38.      public boolean isFloridaEligible() { return florida; }
    39.      public boolean isUsaEligible() { return usa; }
    40.      public boolean isInternationalEligible() { return international; }
    41.      public boolean isEligible() { return eligible; }
    42.      public double getAward() { return award; }
      43.       public String getName() { return name; }
      44.       public int getAge() {return age;}
      45. }

Listing 4.5 Class Scholarship.

There are several things to observe in Listing 4.5, namely:

      1.    The central theme of this class is the use of the if..else statement, which is implemented by the
            method checkEligibility, Lines 18 – 37.

      2.    The use of the if..else statement is a translation of Figure 4.7.

      3.    Line 8 shows the Boolean variables that are used to keep track of the eligibility status of each

      4.    The variable called eligibility is used to track whether or not any applicant was successful. At the
            beginning we assume that every applicant is eligible, so we set this variable to true, in the
            constructor – Line 16. If during the process we find that an applicant is ineligibly, we reset the
            value to false. As seen on Line 36.

      5.    The second and third if..else statement, each implements logical expression, instead of simply a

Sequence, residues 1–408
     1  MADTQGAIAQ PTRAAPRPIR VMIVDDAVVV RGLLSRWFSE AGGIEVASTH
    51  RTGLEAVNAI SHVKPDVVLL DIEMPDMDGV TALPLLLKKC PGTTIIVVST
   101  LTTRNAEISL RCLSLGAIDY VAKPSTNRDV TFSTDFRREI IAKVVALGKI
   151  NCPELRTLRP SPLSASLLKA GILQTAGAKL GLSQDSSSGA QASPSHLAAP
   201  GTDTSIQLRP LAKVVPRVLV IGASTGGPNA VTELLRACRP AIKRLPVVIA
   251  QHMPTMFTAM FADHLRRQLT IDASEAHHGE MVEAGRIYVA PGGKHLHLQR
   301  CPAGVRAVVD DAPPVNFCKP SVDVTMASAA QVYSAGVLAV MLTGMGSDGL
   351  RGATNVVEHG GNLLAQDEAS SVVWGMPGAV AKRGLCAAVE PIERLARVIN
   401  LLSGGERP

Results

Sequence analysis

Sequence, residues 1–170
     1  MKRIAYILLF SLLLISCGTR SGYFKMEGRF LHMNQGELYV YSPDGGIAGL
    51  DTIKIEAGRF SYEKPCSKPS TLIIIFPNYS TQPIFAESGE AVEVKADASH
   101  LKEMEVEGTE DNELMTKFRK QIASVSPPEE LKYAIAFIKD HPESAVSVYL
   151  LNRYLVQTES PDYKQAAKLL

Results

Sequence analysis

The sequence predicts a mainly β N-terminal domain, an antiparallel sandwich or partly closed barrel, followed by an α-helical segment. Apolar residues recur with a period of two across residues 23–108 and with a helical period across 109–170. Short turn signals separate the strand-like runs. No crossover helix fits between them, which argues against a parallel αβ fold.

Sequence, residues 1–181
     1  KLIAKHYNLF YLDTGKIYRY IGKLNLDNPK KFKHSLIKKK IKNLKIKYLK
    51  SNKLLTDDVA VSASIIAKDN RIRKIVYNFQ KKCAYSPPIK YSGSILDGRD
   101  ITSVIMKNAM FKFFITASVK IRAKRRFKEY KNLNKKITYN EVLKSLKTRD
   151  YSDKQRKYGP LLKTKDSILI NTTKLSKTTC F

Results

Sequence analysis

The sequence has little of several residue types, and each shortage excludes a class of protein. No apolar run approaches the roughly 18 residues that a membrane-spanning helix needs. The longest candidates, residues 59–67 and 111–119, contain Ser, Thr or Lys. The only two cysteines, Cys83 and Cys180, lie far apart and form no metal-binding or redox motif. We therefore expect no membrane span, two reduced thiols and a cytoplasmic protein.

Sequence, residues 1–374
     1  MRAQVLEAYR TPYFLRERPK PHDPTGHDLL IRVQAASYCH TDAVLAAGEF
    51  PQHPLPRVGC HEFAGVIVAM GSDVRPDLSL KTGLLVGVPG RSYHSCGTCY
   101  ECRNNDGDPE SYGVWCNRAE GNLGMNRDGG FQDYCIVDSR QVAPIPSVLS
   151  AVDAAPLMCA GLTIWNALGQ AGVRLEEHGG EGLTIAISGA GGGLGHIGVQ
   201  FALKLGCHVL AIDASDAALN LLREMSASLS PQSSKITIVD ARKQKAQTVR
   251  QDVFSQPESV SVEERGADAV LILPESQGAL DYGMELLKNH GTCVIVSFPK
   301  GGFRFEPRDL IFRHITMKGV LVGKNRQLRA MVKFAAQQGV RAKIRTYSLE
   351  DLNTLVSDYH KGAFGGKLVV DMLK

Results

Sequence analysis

relational expression.

      6.     Each if..else statement comprises a block with two statements, hence these statements are placed
            within pairs of curly braces. The last else statement comprises only a single statement. This single
            statement does not require curly.

Listing 4.6 shows a typical test class for the class Scholarship. Notice that after an applicant object has
been created, we must call the checkEligibility method.

1. import java.text.NumberFormat;
2. import java.util.Scanner;

3. class TestScholarship
4. {
5.   public static void main(String[] arg)
6.   {
7.     NumberFormat nf = NumberFormat.getCurrencyInstance();
8.     Scanner read = Scanner.create(;
9.     String name =;
10.    int age = read.nextInt();
11.    String residency =;
12.    int amount = read.nextInt();

13.         Scholarship s = new Scholarship(name, age, residency, amount);

14.         s.checkEligibility();
15.        System.out.println(s.getName() + " is " + s.getAge() + " years old " );

16.        if (!s.isEligible())